Emerge and Restore

Exploring faith, God, and church in the 21st century...

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Location: Kansas, United States

Wednesday, September 21, 2005


I like youth ministry and I love youth ministers. The reason I'm no longer in youth ministry has nothing to do with disliking the job, or being bad at it. It's more of a complicated mix of a bad experience, timing, the fact that some of my strengths lie in a different direction, geography, and the sad reality that I make a much better living preaching for a small church than I ever did being youth minister for a bigger one. And the toll on my wife was pretty large. Youth ministry is no longer an option for her, although I don't know if she'd tell you preaching is any easier for her.

The two biggest reasons people go into youth ministry is because of a passion for the hearts of young people and because of the sheer fun of it all. Both of those things are great, but only one will sustain YM's for more than a year or two. Once the reality of the ministry sets in, it becomes impossible for some people to do. For example, I went to college and sat in an introduction to ministry class full of nearly 70 young people who had signed up to major in youth ministry. Four years later, after classes and internships had exposed us to ministry reality, I think four of us graduated with YM degrees. Several years after that, only one of the four is still in youth ministry. Not a good testimony to how we treat our YMs.

But for those who remain longer than I did, even with all the hard things, the fun persists and will always be one of the redeeming qualities of youth ministry. The times when you actually get to spend time with and minister to teenagers...that's nice.

When I started in youth ministry, the "youth room" I was given was terrible. Small, ugly, noisy, inaccessable, a terrible classroom for anybody. I immediately began lobbying for a new one, which we eventually got. But very nearly the only redeeming quality I noticed about the old room was that it was very very close to the inner dimensions of the OT tabernacle (I don't remember how I realized that). So during a study of the Pentateuch, lingering over the stories of the OT, trying to do some creative things to bring to life the existence of ancient people, I decided to recreate the interior of the tabernacle so we could actually try worshipping as the Hebrews were commanded. So I got a bunch of materials, and we went to work. Then I decided to have some fun and put the teens in groups, each with the assigned task of building one of the articles or furnishings of the tabernacle just by reading the instructions given to them in the text.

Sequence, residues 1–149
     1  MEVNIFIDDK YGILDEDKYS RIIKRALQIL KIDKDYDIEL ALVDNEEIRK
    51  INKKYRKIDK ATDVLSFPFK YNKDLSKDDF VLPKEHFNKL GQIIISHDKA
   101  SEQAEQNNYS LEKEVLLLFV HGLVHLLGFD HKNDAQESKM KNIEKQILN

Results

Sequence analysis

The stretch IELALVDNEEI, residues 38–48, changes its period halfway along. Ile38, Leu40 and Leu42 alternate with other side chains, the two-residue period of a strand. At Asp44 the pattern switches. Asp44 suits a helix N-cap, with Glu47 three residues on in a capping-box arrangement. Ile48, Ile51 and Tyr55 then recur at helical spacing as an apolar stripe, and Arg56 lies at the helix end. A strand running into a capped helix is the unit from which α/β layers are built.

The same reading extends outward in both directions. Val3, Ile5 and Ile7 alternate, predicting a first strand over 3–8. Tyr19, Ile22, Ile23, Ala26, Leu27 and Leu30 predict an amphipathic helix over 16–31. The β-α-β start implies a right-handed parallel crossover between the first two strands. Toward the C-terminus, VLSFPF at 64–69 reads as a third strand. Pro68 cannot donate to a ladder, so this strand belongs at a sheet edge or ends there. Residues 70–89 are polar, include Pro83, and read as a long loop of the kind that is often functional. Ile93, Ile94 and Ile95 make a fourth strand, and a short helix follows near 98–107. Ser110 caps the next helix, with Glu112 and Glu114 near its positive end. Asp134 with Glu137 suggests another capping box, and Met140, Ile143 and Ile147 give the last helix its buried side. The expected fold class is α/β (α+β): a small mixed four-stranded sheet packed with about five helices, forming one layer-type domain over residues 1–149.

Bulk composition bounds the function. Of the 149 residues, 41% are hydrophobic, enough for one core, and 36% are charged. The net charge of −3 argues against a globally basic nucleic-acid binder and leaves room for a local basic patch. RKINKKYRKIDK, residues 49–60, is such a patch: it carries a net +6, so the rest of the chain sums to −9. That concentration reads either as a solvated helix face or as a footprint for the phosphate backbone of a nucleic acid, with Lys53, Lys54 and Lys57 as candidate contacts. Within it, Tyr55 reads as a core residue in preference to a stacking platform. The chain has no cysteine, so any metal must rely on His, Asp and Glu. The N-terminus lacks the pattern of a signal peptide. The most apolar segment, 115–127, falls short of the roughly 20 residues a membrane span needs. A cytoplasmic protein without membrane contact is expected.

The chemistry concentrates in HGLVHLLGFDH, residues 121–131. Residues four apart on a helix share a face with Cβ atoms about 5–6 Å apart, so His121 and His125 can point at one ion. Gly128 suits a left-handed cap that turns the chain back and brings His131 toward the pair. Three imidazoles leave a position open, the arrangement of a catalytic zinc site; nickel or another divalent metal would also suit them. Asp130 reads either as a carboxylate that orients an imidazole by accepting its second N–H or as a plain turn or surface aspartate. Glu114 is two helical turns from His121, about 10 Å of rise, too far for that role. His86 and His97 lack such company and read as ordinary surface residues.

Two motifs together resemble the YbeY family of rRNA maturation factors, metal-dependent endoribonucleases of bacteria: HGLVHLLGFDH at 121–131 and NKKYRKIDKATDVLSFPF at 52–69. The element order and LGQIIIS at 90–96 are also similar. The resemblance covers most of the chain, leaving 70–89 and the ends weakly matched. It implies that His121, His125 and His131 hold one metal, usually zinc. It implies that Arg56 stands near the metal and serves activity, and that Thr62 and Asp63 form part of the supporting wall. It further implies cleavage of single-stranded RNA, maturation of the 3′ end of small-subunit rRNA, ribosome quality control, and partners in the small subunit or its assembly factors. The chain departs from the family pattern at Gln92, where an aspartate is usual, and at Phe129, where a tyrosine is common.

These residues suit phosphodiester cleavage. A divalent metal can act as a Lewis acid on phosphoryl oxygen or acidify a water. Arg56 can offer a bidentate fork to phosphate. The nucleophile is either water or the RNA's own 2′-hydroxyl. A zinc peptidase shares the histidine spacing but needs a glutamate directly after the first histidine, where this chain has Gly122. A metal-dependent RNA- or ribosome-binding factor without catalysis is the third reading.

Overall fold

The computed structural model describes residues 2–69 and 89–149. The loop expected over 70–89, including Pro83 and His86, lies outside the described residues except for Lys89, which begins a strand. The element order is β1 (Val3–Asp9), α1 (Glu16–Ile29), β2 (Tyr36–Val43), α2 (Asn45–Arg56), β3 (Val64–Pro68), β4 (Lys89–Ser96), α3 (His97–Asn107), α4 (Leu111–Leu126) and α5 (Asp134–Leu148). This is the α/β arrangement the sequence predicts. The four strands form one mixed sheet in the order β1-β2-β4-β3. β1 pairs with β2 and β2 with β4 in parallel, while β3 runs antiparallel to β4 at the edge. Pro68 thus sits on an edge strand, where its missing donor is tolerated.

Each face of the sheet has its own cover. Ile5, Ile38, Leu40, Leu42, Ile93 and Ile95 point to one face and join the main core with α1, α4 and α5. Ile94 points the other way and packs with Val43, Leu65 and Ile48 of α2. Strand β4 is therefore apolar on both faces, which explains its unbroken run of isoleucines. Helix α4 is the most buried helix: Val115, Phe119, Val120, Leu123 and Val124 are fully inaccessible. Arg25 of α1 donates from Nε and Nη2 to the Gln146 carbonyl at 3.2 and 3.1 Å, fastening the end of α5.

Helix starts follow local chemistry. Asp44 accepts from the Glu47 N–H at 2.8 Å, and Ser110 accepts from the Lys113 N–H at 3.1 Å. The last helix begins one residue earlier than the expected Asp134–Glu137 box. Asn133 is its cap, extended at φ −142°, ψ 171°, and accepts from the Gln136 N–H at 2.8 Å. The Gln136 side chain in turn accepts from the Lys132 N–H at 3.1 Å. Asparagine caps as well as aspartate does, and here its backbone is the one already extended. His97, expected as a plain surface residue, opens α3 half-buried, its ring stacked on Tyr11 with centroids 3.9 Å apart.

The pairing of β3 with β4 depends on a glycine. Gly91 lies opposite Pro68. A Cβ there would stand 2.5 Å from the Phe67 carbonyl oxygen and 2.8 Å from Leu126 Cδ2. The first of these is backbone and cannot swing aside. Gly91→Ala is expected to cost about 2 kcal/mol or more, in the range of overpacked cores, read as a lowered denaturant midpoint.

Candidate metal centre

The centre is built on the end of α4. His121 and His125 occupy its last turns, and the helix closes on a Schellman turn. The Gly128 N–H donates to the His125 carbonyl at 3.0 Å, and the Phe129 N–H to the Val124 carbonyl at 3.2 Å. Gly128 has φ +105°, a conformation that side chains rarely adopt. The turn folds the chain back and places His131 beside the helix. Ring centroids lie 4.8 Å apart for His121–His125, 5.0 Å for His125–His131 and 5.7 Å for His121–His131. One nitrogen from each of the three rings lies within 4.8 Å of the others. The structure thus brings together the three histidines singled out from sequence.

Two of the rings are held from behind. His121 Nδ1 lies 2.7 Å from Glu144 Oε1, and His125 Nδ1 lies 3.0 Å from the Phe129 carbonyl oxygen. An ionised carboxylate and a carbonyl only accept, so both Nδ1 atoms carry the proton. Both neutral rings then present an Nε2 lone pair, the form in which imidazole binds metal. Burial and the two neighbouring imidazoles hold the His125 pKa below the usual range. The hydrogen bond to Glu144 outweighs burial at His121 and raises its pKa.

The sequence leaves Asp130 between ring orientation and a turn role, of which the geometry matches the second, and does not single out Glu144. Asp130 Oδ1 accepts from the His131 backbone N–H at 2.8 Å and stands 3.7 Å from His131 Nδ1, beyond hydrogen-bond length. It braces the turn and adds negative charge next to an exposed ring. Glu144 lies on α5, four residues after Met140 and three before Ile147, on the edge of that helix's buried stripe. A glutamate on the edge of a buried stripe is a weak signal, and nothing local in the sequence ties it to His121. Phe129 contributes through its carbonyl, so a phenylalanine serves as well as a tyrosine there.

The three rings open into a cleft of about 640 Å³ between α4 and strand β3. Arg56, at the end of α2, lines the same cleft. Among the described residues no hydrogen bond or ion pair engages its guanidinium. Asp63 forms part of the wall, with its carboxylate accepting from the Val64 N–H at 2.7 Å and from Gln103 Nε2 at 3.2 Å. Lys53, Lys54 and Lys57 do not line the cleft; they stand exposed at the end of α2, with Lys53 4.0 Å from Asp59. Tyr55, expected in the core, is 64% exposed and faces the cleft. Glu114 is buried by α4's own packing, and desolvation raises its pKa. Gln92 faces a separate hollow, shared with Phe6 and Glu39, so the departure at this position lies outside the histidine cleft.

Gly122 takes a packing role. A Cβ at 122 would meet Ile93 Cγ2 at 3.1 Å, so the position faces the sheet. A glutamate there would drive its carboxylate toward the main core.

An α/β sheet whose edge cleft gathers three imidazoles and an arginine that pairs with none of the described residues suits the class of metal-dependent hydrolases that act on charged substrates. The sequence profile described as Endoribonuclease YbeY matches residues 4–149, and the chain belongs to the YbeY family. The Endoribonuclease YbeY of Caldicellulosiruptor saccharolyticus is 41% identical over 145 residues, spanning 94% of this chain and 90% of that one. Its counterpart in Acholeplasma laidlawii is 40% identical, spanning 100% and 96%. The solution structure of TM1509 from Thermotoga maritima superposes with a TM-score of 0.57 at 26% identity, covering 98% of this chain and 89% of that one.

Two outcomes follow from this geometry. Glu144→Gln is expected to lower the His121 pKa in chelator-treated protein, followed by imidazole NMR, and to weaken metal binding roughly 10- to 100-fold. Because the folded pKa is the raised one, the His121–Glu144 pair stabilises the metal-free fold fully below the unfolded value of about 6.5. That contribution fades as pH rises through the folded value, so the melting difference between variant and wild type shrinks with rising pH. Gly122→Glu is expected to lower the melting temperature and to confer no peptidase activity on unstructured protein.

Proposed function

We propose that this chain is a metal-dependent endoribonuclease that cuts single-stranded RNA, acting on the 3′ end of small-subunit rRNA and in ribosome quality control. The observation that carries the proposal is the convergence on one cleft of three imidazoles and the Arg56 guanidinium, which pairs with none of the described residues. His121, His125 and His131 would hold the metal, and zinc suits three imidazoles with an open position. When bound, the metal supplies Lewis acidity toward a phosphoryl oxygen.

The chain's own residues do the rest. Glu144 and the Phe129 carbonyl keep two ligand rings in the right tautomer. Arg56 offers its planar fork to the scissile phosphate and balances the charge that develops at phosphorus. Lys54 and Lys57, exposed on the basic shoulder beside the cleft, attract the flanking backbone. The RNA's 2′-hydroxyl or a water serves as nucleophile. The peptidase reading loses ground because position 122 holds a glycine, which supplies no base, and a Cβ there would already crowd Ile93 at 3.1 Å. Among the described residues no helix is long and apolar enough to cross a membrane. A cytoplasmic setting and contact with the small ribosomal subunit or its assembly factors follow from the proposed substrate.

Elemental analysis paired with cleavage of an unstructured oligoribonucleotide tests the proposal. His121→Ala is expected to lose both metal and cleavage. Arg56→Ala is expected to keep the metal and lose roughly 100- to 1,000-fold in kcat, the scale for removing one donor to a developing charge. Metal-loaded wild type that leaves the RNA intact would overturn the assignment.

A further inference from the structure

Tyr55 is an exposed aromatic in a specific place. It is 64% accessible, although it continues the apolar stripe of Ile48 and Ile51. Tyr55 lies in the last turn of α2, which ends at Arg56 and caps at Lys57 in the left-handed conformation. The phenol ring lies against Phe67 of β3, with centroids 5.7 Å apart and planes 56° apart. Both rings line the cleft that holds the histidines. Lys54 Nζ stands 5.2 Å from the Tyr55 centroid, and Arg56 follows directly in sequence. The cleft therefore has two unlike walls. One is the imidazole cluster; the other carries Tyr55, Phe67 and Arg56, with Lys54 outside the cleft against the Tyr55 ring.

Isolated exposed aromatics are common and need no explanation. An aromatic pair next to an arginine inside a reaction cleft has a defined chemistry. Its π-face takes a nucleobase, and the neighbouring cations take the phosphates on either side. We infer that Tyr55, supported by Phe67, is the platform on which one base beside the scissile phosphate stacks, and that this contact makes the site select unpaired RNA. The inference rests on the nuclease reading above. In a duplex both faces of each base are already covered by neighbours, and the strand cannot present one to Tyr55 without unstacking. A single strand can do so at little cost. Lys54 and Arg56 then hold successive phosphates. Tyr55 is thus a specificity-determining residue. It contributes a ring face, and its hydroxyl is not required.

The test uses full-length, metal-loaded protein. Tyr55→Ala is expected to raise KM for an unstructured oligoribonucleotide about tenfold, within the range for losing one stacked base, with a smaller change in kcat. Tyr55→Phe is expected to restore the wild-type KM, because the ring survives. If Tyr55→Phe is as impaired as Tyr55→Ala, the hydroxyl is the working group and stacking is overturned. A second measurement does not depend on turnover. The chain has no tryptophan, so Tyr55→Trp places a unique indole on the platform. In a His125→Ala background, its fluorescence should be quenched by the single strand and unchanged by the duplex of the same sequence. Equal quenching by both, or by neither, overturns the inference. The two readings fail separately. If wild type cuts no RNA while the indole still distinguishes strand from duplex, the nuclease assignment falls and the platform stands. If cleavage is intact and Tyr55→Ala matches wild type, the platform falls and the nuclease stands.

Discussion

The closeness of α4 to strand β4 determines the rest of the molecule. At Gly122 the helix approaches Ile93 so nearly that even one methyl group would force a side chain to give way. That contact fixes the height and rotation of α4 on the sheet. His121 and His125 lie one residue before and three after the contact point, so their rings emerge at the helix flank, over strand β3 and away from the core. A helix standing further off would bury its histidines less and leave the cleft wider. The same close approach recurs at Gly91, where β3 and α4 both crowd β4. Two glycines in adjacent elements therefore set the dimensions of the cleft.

Someone built an alter, someone built a table, another group built the ark of the covenant. It was interesting and fun and we got some truly strange looking furniture out of the deal. But the two girls I asked to make a "golden lampstand" were having trouble. Understandably, they were having trouble putting the words into a picture, much less an actual lampstand. I tried to help them, but they just got frustrated, so I asked if they'd like to work from a picture of what they were trying to make instead. They agreed, so I went and got a Bible encyclopedia and showed them an artist's rendering of the "the lampstand." One girl took a glance at the picture and glared at me. "That's a Menorah. What? Do these people think they are Jewish or something?"

Sometimes I think I'm such a good teacher...until reality sets it. :-)


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